Editors Pick

Media Restraint Order Against Publishing Names Of Judges By Madurai Bench Advisory In Nature, Clarifies Madras HC

Nitish Kashyap
19 Nov 2016 11:45 AM GMT
Media Restraint Order Against Publishing Names Of Judges By Madurai Bench Advisory In Nature, Clarifies Madras HC
Your free access to Live Law has expired
To read the article, get a premium account.
    Your Subscription Supports Independent Journalism
Subscription starts from
(For 6 Months)
Premium account gives you:
  • Unlimited access to Live Law Archives, Weekly/Monthly Digest, Exclusive Notifications, Comments.
  • Reading experience of Ad Free Version, Petition Copies, Judgement/Order Copies.
Already a subscriber?

In a significant development, the first bench of the Madras High Court has clarified that the administrative order of the Madurai bench instructing all print, electronic and media houses not to publish names of lawyers appearing in a case is only advisory in nature.

"Learned Senior counsel for the petitioners seeks to withdraw the writ petition as the administrative order is in pursuance to the Judgment of the Division Bench of this Court, in the given facts of the case, with the objective of discouraging persons filing Public Interest Litigation for Publicity. The administrative order is advisory in nature." states the order

Although the Supreme Court had dismissed a special leave petition challenging the Madurai bench order,  the bench of Chief Justice SK Kaul and Justice R Mahadevan gave this clarification while hearing a petition filed by two journalists, who sought the Madurai bench order to be declared as unconstitutional.

The bench also observed that to safeguard the larger interest of the parties and foster democracy in the country, the press has to function and perform its duties freely without any restriction.

LiveLaw broke the news story of the order passed by the Madurai bench on August 24, 2016. The bench had passed these directions while hearing a PIL filed by a lawyer practising in the High Court.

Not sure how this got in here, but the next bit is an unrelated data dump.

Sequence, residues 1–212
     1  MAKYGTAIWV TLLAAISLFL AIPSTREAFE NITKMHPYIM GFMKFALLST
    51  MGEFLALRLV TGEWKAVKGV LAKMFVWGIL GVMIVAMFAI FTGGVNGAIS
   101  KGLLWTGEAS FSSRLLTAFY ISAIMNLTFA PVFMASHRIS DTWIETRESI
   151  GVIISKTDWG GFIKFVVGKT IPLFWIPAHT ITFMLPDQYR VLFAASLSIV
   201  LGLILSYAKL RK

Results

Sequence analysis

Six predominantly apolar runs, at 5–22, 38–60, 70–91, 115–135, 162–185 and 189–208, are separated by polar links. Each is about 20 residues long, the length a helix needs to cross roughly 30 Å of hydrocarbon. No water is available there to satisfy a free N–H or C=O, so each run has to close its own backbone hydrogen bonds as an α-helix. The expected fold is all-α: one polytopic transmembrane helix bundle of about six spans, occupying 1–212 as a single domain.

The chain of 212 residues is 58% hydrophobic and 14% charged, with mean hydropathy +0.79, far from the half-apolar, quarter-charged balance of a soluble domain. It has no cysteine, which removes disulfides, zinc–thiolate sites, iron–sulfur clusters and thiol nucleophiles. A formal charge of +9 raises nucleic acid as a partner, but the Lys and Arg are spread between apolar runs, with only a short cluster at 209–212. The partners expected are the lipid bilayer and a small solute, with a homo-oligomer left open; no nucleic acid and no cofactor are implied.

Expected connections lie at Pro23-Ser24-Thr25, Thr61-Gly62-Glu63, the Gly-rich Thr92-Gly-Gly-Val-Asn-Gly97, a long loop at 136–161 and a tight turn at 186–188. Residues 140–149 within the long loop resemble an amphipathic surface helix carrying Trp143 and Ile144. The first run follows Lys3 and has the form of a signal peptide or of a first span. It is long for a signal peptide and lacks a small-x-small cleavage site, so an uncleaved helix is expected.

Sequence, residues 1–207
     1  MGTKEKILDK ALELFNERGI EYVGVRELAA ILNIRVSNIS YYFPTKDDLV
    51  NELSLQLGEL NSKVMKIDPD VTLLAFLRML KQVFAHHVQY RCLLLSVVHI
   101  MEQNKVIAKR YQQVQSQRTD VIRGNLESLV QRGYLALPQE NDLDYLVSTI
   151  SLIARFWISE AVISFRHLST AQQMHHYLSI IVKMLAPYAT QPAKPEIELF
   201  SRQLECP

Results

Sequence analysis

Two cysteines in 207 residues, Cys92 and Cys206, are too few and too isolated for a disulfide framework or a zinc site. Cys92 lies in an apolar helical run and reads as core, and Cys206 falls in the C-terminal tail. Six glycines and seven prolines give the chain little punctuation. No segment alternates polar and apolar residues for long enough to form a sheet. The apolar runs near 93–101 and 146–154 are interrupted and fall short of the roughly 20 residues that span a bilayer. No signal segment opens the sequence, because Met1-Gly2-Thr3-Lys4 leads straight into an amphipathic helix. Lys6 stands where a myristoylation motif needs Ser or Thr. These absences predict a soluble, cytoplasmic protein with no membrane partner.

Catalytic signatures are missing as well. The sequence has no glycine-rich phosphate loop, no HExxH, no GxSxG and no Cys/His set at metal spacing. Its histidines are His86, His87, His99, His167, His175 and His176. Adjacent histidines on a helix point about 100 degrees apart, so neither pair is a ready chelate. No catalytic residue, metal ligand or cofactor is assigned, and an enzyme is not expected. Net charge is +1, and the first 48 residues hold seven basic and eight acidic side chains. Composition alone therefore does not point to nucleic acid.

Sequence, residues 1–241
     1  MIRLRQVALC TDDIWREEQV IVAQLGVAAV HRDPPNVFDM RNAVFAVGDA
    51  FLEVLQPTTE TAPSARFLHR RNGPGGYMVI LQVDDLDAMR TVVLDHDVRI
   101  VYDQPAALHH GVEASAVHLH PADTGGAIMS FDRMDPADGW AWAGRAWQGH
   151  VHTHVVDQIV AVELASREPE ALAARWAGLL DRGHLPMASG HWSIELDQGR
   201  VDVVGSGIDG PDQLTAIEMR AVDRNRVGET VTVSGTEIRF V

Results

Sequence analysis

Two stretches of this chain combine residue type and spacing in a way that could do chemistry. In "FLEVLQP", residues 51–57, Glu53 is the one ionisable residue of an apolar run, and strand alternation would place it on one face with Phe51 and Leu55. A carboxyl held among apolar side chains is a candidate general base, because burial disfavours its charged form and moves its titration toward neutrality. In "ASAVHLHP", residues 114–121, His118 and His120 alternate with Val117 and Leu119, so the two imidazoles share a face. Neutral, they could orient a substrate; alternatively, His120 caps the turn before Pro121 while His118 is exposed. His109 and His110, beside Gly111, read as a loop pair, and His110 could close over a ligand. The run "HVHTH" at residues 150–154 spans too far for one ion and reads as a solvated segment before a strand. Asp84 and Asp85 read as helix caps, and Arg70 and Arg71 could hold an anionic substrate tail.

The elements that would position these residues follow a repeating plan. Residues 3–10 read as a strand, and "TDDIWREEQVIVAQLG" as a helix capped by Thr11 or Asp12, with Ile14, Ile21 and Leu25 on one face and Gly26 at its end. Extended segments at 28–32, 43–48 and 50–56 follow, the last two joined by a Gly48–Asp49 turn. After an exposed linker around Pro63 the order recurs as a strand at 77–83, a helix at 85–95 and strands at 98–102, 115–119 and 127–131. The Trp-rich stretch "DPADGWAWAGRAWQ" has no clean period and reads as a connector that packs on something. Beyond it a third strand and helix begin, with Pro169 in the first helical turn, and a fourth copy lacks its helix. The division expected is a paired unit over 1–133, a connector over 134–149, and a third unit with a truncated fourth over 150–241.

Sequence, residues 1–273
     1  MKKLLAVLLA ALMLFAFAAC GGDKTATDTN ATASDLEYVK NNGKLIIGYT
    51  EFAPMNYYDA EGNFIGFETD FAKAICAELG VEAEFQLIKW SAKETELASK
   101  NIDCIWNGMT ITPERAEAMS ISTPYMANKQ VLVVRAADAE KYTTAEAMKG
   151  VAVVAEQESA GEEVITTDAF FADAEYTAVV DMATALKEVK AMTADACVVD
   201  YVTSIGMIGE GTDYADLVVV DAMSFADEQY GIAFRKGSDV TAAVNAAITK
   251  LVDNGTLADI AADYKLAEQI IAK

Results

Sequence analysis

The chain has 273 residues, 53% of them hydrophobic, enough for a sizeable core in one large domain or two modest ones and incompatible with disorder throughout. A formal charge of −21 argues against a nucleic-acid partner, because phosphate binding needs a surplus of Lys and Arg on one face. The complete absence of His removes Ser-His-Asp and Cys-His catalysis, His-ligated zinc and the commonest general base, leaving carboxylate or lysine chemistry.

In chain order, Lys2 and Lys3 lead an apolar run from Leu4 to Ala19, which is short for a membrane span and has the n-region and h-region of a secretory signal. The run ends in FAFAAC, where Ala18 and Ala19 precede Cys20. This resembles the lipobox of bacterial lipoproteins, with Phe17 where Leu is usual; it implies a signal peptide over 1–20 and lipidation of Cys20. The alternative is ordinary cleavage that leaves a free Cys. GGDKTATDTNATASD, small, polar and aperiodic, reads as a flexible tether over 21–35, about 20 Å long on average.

According to the bench of Justice Nooty Ramamohana Rao and Justice SS Sundar: “Publication of names of practitioners who may have appeared for one party or the other in a particular case can lead to an indirect method of soliciting or indulging in advertisement of the professional abilities or skills of the advocates.”

Apart from this, directions were also given to the Registrar (Administration) to “request” media houses not to publish the individual names of the judges unless “it is so essentially required”.

While the Madurai bench had also directed the registrar to place the matter before the Chief Justice of Madras High Court so that appropriate instructions can be issued, the reasoning behind this order was stated thus “the judges do perform their duties dispassionately and to the extent possible by not allowing their individual notions and philosophies to be a guiding factor in deciding the causes brought before them. Therefore, we feel that the names of the Judges should not be published and on the other hand, the name of the High Court alone should be published”.

In the petition before the principal bench of Madras HC, the petitioners contended that the law regarding freedom of the press that has been laid down by a constitution bench of the Supreme Court and the order passed by the Madurai bench violates it.

In conclusion, the bench observed that the administrative order of the Madurai bench was “only advisory in nature”.

This article has been made possible because of financial support from Independent and Public-Spirited Media Foundation.

Next Story
Share it